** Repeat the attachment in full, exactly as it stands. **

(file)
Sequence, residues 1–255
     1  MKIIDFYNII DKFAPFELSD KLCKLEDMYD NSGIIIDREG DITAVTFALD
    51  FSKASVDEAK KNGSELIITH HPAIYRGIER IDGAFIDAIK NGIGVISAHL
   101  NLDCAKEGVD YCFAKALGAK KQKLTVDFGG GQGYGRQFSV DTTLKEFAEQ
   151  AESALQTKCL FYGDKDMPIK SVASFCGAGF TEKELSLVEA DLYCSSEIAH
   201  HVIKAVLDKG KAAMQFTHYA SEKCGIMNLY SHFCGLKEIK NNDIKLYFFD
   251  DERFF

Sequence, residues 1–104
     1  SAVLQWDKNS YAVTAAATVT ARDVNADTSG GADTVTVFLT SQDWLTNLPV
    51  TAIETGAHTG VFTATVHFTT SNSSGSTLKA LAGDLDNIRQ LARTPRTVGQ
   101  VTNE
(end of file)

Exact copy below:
Sequence, residues 1–255
     1  MKIIDFYNII DKFAPFELSD KLCKLEDMYD NSGIIIDREG DITAVTFALD
    51  FSKASVDEAK KNGSELIITH HPAIYRGIER IDGAFIDAIK NGIGVISAHL
   101  NLDCAKEGVD YCFAKALGAK KQKLTVDFGG GQGYGRQFSV DTTLKEFAEQ
   151  AESALQTKCL FYGDKDMPIK SVASFCGAGF TEKELSLVEA DLYCSSEIAH
   201  HVIKAVLDKG KAAMQFTHYA SEKCGIMNLY SHFCGLKEIK NNDIKLYFFD
   251  DERFF

Sequence, residues 1–104
     1  SAVLQWDKNS YAVTAAATVT ARDVNADTSG GADTVTVFLT SQDWLTNLPV
    51  TAIETGAHTG VFTATVHFTT SNSSGSTLKA LAGDLDNIRQ LARTPRTVGQ
   101  VTNE